Chances are you know someone who’s mined bitcoin. However, cryptocurrencies are not everything they appear to be. Drawing the ire of governments and financial institutions alike, questions about its reliability are on the rise.
Prof. Ari Juels, computer science at the Jacobs Technion-Cornell Institute at Cornell Tech, discussed the impact, technology and regulatory environment of cryptocurrencies.
Co-director of the Initiative for CryptoCurrencies and Contracts — a collaboration between Cornell, the University of California, Berkeley and the University of Illinois at Urbana-Champaign, based at Cornell Tech — Juels helps lead research on blockchain technology and its applications.
Cryptocurrencies are one of the most notable applications of blockchain technology. Blockchain is a digitally-secured distributed ledger of transactions. Juels talked about possible reasons behind the surge in popularity of cryptocurrencies such as Bitcoin.
“Cryptocurrencies are digital assets created and managed in decentralized or peer-to-peer systems,” Juels said. “Bitcoin is so popular now because it points the way to new and interesting models of digital trust. But of course the main reason is simply that its price has skyrocketed.”
According to CoinDesk, the price of one Bitcoin today is $7,011.
Bitcoins are created through a “mining” process in which certain computers solve complex math problems. Every time a computer “mines” a new Bitcoin, it becomes harder to mine more Bitcoins. The increase in Bitcoin mining has taken a large toll on overall electricity consumption.
“The Bitcoin network consumes as much electricity at this point as a small nation. This is unconscionable and unsustainable. Happily, less wasteful alternatives are the subject of active research and deployment,” Juels said.
In the past few years, there have been many instances of cryptocurrency exchanges getting hacked. Bitcoin has been subject to thefts with damages often exceeding tens of millions of dollars. Cryptocurrencies, despite being a relatively new development, have the same security lapses as the general internet, according to Juels.
“The difference is that cryptocurrencies are a particularly rich and juicy target and their partial anonymity helps black-hat hackers,” Juels said, referencing groups of illegal hackers.
Juels elaborated on security concerns and other drawbacks which are associated with fully decentralized cryptocurrencies.
“Price volatility is only one problem. High and volatile transaction fees are another. And the perennial challenge of managing private keys, i.e., the secrets needed to hold and transact with cryptocurrencies, is yet another,” said Juels.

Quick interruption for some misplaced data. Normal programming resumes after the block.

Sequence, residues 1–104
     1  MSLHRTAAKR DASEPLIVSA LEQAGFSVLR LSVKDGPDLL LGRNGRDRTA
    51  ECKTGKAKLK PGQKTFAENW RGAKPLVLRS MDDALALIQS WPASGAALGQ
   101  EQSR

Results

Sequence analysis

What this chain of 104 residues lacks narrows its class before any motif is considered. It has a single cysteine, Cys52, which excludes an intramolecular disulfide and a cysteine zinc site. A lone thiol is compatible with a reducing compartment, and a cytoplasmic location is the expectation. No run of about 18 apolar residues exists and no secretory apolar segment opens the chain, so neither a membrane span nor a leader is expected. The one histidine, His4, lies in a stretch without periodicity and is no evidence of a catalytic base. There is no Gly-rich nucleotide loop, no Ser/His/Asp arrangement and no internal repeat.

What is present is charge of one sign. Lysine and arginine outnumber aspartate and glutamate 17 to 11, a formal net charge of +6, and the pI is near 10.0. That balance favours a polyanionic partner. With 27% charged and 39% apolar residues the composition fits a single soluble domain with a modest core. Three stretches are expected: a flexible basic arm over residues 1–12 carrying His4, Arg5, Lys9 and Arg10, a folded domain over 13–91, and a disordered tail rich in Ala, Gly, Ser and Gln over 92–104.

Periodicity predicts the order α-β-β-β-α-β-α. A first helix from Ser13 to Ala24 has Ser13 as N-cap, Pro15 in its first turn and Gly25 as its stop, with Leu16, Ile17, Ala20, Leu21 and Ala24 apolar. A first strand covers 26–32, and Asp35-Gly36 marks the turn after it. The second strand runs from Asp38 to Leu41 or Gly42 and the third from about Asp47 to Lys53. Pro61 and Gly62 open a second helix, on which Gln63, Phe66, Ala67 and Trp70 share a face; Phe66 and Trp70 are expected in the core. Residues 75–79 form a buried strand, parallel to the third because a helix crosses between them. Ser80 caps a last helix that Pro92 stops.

Juels added that securing private keys are even challenging for security experts.
He expressed doubt on the ability of current cryptocurrencies to be widely used as a means for exchange.
“Whether ‘permissionless’ cryptocurrencies can function effectively as true currencies remains to be seen,” Juels said.
Juels gave his thoughts on the current regulatory environment for cryptocurrencies.
“I’m a computer scientist, not a regulator. But I’ll point out that cryptocurrencies and decentralized systems more generally were intended to spark a revolution and throw off the yoke of institutional and governmental oppression,” Juels said.
An Initial Coin Offering is a method by which the organizations behind an upcoming cryptocurrency can raise funds. ICOs have come under scrutiny from the Securities and Exchange Commission and they have been a topic in an ongoing debate over whether cryptocurrencies should be legally treated as currencies or as securities, like stocks.
Despite the current controversy surrounding cryptocurrencies, Juels hopes for positive regulation in the future to ensure stability and foster innovation.
“I’d like to see regulation that effectively brings the best of the old and the new, removing corrupt players in the traditional financial industry, but preventing new and worse unscrupulousness,” Juels said.
Although cryptocurrencies are contentious, Juels emphasized the importance of the variety of applications behind blockchain, the technology which serves as a backbone for cryptocurrencies.
“Blockchains and smart contracts promise to strengthen trust relationships and automate business processes in areas ranging from humanitarian aid to food supply chains,” Juels said.